Some people speak about fall of Bangabandhu's government. No. His government did not fall, he was simply assassinated. As a matter of fact, l don't even call it a military coup. A coup is when the entire army participates. In case of Bangabandhu this did not happen. Some ousted officers and a section of the army had engineered the assassinations call this an act of banditry. They sneaked into the house at night and killed him.
Bangabandhu's killing was also politically motivated. Bangabandhu had liberated the country after twenty three years of hard struggle. During the liberation war, it became clear who was on which side. The forces in and outside the country who had aided and supported the genocide by the Pakistan army obviously did not want Bangabandhu to consolidate his authority inside the country. These people had opposed the liberation, they also opposed Bangabandhu alter the liberation. They started to conspire against him immediately after his return from the Pakistani prison. The famine of 1974 was only a phase of this conspiracy. You may recall, in 1973, because of the oil crisis, the world was undergoing its worst recession. It was followed by flood and cyclone. Bangabandhu did know about the impending crisis. He had made all efforts and made all arrangements to import food grains from abroad. But the ships carrying the grains did not arrive on time. I have seen my father worrying about this crisis. At the time of cyclone I remember he spent all night praying. A man who spends all night praying to save his countrymen from the scourge of cyclone how can he allow the occurrence of such a famine? Besides, rice had been sold at taka ten only for a few days. Most of the time it was sold at taka 3-3.50. How about now? Were things worse than what it is now? As a matter of fact when Bangabandhu was assassinated, the worst of the crisis was over. The country was stable. The conspirators had made all efforts, but when they saw they had all failed, they hatched up the conspiracy of assassinating Bangabandhu.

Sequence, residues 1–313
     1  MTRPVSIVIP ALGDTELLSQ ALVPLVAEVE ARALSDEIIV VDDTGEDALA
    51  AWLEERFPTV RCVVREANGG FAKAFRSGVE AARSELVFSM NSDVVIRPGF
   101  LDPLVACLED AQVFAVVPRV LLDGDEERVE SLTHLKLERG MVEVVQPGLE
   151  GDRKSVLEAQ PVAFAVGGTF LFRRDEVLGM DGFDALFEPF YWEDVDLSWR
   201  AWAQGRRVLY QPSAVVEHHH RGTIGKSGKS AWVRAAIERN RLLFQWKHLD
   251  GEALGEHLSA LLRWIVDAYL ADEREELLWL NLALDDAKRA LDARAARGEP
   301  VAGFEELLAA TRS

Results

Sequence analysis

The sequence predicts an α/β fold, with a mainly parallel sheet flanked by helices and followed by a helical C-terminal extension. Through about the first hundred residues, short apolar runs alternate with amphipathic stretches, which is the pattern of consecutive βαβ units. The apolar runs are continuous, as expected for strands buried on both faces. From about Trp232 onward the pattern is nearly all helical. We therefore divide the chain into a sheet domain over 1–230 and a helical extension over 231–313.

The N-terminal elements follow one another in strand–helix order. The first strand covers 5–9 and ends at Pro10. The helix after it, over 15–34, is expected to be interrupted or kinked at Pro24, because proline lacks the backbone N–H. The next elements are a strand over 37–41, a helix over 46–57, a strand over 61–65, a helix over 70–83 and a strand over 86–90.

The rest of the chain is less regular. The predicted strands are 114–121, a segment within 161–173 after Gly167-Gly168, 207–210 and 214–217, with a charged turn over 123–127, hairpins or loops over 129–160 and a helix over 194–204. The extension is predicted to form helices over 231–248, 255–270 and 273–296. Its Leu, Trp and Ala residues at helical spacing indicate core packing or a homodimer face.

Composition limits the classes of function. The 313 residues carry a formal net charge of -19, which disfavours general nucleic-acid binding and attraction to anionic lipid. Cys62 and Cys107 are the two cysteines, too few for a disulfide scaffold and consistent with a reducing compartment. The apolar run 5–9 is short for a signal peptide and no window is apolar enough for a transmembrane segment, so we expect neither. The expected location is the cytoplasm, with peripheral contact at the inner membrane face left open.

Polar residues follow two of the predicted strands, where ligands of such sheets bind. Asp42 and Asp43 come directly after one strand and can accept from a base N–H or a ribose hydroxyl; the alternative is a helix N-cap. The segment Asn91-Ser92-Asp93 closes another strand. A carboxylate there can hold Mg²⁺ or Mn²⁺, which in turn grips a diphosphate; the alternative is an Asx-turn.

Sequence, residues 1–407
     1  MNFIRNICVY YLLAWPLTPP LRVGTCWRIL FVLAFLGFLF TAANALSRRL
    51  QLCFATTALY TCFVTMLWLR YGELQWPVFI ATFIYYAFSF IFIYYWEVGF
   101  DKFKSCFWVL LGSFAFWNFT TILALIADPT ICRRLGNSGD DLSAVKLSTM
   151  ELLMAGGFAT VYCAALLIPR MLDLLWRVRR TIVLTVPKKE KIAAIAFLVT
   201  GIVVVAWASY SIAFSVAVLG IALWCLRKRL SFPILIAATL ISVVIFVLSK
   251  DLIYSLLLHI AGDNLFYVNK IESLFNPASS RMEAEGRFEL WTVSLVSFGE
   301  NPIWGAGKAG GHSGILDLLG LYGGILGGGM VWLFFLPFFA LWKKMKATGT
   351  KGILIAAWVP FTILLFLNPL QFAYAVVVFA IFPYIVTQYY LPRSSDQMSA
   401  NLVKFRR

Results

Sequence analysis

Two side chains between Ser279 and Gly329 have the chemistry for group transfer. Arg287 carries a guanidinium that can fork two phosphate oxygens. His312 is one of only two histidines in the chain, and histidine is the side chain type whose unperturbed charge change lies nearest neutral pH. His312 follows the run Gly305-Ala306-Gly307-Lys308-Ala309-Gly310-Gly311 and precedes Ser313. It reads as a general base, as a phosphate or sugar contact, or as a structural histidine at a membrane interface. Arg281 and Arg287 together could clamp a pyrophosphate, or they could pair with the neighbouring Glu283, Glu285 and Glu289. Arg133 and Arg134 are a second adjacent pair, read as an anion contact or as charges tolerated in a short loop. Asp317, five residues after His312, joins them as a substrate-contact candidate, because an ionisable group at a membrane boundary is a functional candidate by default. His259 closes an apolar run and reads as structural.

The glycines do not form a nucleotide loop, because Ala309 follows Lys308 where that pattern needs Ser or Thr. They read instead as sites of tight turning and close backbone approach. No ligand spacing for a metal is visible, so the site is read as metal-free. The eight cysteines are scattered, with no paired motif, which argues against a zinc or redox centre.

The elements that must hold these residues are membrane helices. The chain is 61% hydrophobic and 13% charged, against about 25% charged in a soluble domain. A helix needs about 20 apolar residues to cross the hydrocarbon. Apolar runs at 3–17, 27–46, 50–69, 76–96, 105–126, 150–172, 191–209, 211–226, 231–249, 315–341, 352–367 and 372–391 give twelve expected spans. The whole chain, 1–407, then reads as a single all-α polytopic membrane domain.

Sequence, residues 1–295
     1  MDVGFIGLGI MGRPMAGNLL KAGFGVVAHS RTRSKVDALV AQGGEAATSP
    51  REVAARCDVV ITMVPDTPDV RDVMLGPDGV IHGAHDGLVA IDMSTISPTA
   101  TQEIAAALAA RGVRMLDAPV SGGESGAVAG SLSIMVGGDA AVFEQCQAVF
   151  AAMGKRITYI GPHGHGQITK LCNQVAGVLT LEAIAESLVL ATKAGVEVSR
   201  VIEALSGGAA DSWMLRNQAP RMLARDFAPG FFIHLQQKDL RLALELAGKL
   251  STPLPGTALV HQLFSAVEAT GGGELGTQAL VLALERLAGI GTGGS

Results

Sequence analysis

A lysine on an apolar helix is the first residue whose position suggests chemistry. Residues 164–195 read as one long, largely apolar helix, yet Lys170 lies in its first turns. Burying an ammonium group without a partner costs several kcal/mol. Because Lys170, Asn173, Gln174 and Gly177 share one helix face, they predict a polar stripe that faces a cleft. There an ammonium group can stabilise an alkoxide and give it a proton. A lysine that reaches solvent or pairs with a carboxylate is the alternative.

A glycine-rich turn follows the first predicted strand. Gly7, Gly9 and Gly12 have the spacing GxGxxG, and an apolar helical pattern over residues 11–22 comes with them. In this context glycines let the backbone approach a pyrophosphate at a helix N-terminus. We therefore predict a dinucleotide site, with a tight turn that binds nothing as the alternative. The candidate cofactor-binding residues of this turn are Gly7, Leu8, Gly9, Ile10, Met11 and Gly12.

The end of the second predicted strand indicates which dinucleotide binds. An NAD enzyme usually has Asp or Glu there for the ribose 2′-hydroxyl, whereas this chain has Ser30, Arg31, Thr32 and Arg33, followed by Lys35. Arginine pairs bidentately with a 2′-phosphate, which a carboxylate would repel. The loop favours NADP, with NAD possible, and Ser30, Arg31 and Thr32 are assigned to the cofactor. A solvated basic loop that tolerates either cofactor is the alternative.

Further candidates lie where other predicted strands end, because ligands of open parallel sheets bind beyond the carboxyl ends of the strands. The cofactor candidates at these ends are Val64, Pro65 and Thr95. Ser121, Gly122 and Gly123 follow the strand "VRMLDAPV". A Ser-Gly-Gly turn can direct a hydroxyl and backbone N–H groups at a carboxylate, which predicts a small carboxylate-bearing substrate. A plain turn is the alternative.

I tell you one thing. Had Bangabandhu wanted to stay in power at any cost, he could have done so through his Awami League- there was no second party in the country. And he could rule through his Awami League. But in order to unite all the patriotic forces, he had floated a common platform. He had wanted all of them to work untidily for a better Bangladesh. He had included the government officials he had invited the army in the new forum. He had hoped all would come forward to help build the country, l had spoken with Bangabandhu about this and he explained to me several times. Unfortunately he was not given the chance. There had been all kinds of propaganda against Bangabandhu, but the truth will come out one day.
The politics of assassination had started with Bangabandhu's murder. Now we have only assassinations, no more politics. Now you come to power not through politics, but you get into politics. We've never tried the killers of Bangabandhu. If a killer is not punished for his crime and instead given reward, naturally he will be encouraged, This process must be changed. We must learn to assume power through politics and must go through a proper democratic process. As long as the killers of Bangabandhu are not tried and unless we initiate a truly democratic process and we agree to come into power through political means, this process of conspiracy cannot be reversed.